With the exception of their victory over OU this year, the University of Texas football team has seen better days. What’s sad is better days could’ve been today.
This year, Jameis Winston is making a splash in his debut as the starting quarterback for the undefeated Florida State Seminoles. Actually, making a splash might be an understatement. In his first six games of the season, Winston has thrown for 1,885 yards and twenty touchdowns. His biggest exclamation point coming in the 51-14 romping of third-ranked Clemson on Saturday night. Oh, and did I mention he’s only given up three picks? I wouldn’t be surprised if the New York Giants are trying to sign him.
“Awesome,” you’re probably saying. “But what does the Florida State phenom have to do with UT’s struggles?”
More than you might think.
Growing up, Winston dreamed of playing college ball for the Longhorns; a dream that never came true. What happened? Why is Winston donning garnet and gold instead of burnt orange? The truth is, he just couldn’t get Texas to notice him. Winston is on record saying, “I’m an OU fan but I always wanted to go to Texas. If I’d gotten [an] offer from Texas I’d be going to Texas right now.” In high school, Winston called the university multiple times and never received a reply.
Whether the Longhorn staff had their eye on Winston or not, the question remains the same. How could a powerhouse institution like Texas miss out on a recruit that ESPN dubbed the best dual-threat quarterback in the nation? The very same recruit offered scholarships by both Alabama and Auburn, as well as a slew of other top-ranked schools? I’d argue it’s the same reason the Longhorns also dropped the ball on Texas residents Robert Griffin III and Johnny Manziel. The university failed to realize the potential right before their eyes. In other words, they didn’t quite fathom what I call the “no people, no trophy” principle. People are anyone’s best asset for development and success. If you don’t learn to value and develop people, you will fail. The Longhorns were so caught up in the day to day activities of running a football team, they ignored scores of talented athletes banging on their door.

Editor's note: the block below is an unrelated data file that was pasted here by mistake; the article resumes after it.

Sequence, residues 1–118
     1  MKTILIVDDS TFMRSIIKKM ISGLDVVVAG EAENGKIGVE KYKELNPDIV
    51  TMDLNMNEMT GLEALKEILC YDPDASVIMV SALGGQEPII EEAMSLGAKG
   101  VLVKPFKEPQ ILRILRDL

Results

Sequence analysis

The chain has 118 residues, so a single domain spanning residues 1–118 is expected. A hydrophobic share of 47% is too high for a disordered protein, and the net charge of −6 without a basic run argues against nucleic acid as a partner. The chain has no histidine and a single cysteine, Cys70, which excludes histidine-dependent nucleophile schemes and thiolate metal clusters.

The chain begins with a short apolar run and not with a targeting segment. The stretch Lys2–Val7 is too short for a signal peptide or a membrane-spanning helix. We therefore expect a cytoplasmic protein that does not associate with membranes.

The jury is still out on whether Winston will win the Heisman this year, but the principle stays the same. If individuals or institutions want to be successful, they have to learn to discover the potential in others.
I occasionally think about how many people have walked in and out of my life, hoping I would take the time to believe in them. Yet, I was so caught up in my world, my day-to-day activities, that I failed to see their hidden value. I could have pushed them to be a better son, pastor, friend, writer, but I missed the chance.
I feel like I’m progressively comprehending each day that true success isn’t an achievement, it’s about what I do to build people. I say comprehend, I’ve known this principle was true for a while. Breathing it through the lungs of my actions is a little bit harder.
Measuring a person’s development is much more difficult to do than say, counting a crowd, or pulling in a paycheck. I guess that’s why helping others maximize their full potential isn’t as sexy as a trophy. It’s a mindset that’s difficult to display and almost impossible to quantitatively measure. Yet, capturing the potential of others is the key to displaying not only entrepreneurial and financial success in the business world, but also our purpose as instruments of God’s love.
I really don’t know where you are in life right now. Be glad, that might be a little weird. You might be a parent, blogger, college student, in-between-college college student, or pastor. Honestly, it doesn’t matter. If you want to be successful, discover the potential of those around you. Take them to the next level. Help them achieve their dreams. Help them live sacrificial, loving lives.
No people. No trophy.
A version of this article by Wade Bearden originally appeared on RESNation.com.